Smith, Geo. A., "Cor[r]espondence of Hon. Geo. A. Smith," The Mormon, 15 Nov. 1856, 3.
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- Company Unknown (1856)
ST. LOUIS, Nov. 6, 1856.
ELDER T. B. H. STENHOUSE—Dear Brother:
Your letter of October 27th has just been received, and I hasten to continue our correspondence.
My health is good, I have just returned from a visit to the Saints in Quincy and Keokuk [Keokuck], whither I accompanied Elder Erastus Snow. We were gladly received, listened to and hospitably entertained by our friends in those places. Elder Snow preached in the Danish language to the Saints in Keokik [Keokuck], a considerable number from that county having located in that place until the return of spring.
We also made a flying visit to Nauvoo or the city of Joseph. I should judge that about three fourths of the Mormon buildings had been torn down, removed, or destroyed. Many of the best buildings remaining, show clearly the effects of ten years neglect. Although most of them are inhabited, few appear to be kept in repair. The Mansion is kept by Louis Bideman [Lewis Crum Bidamon], who married the widow of the late President Joseph Smith; the building appears not to have been renovated since it was built, and its business as a public house is too small to justify its being kept in its original style. A part of the stone wall of the west front of the Temple is still standing, the residue of the materials having been used by the Icarians, who have built an establishment on the Temple Block. Several large stacks of hay were standing against the dilapidated wall.
Mr. Bideman informed us that the Temple was set on fire, by a man named Joseph Agnoe, at the instigation of certain mobocrats of Warsaw and other parts of the country, and it was a serious drawback to his business as hotel-keeper, as great numbers visited Nauvoo to see the Temple. My mind imperceptibly drew a contrast between Nauvoo in its glory and Salt Lake City, and from looking at the Masonic Hall, Seventies and Concert Halls, and Arsenal, my conclusion was that Salt Lake City is so far ahead of Nauvoo, that the latter could be better compared with Provo, more properly in its public buidings, machinery &c; but not in population. The site of Nauvoo is by nature the most beautiful in position on the Western Rivers. Several gentlemen with whom I conversed in relation to it, said that had the Mormons been left alone it would have been the largest City in the Western States, and the great mart of trade and railway Terminus.
The people of Hancock "cut off their nose to spite their face," they now see that had they been quiet and left their neighbors alone, they would now have been rich, but alas! it is now too late. By comparison it will be seen that the footing of the Temple wall in Salt Lake City, contains as many yards of masonry as the entire Temple in Nauvoo. The rock for the Nauvoo Temple was hauled from a limestone quarry about two miles distant while that in the Great Salt Lake, is hauled about six miles: nine feet of sand-stone foundation being already laid, the residue of the Temple to be granite, from the Cotton Wood Quarry.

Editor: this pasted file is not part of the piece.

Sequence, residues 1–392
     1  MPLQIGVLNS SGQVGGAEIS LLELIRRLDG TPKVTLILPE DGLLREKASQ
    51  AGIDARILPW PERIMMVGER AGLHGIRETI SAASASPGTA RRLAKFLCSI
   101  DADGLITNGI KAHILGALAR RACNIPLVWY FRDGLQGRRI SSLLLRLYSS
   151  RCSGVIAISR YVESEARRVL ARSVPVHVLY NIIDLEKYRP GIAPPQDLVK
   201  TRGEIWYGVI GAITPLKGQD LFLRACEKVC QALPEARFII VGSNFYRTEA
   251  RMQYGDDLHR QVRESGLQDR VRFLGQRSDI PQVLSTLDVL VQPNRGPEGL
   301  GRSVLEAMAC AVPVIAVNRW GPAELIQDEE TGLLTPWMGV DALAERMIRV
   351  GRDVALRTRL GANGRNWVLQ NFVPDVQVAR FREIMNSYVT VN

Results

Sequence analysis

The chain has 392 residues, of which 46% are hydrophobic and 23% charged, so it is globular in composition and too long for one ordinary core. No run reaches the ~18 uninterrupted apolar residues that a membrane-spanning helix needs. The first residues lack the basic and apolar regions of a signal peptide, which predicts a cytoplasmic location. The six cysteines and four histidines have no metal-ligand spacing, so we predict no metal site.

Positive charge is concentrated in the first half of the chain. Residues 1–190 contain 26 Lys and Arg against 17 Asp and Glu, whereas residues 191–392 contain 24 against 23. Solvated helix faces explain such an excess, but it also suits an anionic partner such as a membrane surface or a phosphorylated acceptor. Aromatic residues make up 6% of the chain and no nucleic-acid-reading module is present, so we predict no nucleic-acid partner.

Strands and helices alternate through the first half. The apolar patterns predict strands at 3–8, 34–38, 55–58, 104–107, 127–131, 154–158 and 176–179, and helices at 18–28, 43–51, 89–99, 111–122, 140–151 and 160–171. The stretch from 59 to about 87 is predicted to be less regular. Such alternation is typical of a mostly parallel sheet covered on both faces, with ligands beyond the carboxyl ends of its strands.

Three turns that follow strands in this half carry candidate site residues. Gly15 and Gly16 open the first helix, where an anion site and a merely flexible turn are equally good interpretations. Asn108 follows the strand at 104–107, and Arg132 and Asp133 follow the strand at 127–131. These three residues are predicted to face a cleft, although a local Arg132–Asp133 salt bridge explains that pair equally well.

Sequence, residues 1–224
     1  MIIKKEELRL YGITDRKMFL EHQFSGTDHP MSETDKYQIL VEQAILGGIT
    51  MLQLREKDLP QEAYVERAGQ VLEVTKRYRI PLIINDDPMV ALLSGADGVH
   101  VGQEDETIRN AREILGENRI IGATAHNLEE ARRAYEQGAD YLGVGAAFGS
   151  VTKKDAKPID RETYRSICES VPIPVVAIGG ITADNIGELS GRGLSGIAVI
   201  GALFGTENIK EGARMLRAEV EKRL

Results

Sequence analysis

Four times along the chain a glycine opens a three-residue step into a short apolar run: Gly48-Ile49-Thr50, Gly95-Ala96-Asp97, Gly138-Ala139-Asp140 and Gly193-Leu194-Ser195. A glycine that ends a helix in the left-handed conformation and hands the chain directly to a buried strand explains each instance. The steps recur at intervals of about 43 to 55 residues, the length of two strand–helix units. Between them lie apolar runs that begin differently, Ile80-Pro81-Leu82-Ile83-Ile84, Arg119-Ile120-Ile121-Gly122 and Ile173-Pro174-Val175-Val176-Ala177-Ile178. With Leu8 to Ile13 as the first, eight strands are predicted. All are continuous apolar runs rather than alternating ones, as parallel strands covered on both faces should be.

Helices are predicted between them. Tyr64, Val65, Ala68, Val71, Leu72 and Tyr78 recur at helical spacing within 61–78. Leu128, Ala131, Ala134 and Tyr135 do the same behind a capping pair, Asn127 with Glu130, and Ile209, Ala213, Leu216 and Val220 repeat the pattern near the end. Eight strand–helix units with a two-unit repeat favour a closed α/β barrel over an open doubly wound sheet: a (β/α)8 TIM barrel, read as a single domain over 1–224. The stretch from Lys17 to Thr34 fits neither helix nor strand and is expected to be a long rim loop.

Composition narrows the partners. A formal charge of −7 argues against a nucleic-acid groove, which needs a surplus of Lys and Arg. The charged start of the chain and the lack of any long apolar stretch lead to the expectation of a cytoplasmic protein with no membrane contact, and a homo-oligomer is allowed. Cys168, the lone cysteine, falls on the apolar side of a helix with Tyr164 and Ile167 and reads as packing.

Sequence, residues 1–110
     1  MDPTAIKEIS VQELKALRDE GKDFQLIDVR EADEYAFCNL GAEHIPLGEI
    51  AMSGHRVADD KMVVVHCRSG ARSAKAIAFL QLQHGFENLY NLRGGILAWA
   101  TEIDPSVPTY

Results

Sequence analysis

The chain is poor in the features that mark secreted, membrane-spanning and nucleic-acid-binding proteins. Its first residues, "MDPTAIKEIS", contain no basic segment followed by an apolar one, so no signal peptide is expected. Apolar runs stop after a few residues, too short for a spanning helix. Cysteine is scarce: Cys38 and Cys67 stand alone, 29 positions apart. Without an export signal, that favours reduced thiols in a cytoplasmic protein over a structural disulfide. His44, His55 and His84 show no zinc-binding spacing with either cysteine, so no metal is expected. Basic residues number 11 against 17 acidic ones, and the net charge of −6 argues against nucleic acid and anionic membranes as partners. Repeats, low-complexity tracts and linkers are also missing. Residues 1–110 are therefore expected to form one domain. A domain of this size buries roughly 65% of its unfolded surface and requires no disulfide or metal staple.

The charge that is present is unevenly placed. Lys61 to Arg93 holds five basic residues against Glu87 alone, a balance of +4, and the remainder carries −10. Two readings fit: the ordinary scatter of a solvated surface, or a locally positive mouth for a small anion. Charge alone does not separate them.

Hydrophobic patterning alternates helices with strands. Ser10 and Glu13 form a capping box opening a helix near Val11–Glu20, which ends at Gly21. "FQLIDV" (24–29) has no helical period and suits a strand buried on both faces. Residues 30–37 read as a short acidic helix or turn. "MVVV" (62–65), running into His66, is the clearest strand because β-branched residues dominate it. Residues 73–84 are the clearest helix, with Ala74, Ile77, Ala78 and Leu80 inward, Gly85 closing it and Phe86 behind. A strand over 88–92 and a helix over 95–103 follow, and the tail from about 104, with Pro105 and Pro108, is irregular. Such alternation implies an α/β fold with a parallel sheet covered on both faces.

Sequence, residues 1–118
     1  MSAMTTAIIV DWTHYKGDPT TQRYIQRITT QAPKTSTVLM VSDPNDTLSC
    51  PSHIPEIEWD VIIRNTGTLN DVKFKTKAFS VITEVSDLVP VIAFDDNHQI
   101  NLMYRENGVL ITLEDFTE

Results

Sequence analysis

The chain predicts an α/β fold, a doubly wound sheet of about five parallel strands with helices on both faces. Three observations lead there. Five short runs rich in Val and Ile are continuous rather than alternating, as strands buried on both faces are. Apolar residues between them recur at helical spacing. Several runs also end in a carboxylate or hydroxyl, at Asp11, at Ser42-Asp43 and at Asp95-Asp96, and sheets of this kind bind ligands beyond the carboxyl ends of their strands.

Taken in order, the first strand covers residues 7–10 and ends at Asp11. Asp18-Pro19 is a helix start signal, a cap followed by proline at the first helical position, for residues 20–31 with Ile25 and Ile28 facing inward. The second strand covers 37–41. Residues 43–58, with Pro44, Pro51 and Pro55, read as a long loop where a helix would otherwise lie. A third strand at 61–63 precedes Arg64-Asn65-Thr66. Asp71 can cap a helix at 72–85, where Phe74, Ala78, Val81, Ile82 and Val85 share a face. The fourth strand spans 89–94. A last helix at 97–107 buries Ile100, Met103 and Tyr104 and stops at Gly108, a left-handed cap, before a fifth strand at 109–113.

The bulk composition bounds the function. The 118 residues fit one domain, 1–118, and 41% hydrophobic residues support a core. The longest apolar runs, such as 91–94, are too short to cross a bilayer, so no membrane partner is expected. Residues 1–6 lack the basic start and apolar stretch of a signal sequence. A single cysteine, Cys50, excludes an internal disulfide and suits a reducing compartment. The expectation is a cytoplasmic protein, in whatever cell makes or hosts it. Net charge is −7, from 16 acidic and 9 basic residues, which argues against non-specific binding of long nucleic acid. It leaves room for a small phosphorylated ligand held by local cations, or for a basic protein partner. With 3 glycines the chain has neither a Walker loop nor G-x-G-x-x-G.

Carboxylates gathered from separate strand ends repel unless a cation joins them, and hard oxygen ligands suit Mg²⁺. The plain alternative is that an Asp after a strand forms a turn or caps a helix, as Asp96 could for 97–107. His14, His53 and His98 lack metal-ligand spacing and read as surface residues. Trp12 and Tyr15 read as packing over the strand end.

To look upon the dilapidated ruins in Nauvoo and contrast it with its brilliant position in the days of the Prophet, it was enough to make any heart sad that was not insensible. Ten years ago last winter my children were driven from a comfortable habitation in this city, and I have wandered with them, until overcome by exposure and suffering I was called to deposit some of their mortal remains upon the desolate prairie, and my tale, were I to relate it, would be only the reiteration of what might be told by thousands who had been occupying happy homes of their own in republican Illinois. Those reflections and instead of the Prophet and his noble brothers in brilliant array at the head of the Legion, or in the Congregation surrounded by thousands of anxious listeners, it was to visit a cold, silent and mournful burying place, where lay the dust of the first Patriarch over the Church, Joseph Smith sen., Lucy his wife and four sons who by the hand of cruel persecution and exposure have met an untimely fate. Not a stone to mark the spot, no weeping willow, or fragrant balm of Gilead, no poplar to shade the sacred resting place of Prophets, Presidents, Patriarchs, Councillors, and Generals in Israel: here we could drop a silent tear, if grief did not suppress it, and here we offered a silent prayer to Heaven's King, that we might fulfill our destiny as well as they had done, that when we find our last earthly abode, that we like them might be prepared for exaltation and celestial lives. Elder Snow and myself left the desolate City with hearts filled with sadness.
On our arrival at Montrose we incidentally learned that a Pennsylvania Mormon kept a Hotel who was very kind to us, but the word Mormon must not be pronounced above a whisper. We visited the grave of Levi Snow Esq, Elder E. Snow's father whose funeral I attended fifteen years ago. My kind remembrance to sister Stenhouse and all friends in which I am joined by Elder Snow.
GEO. A. SMITH.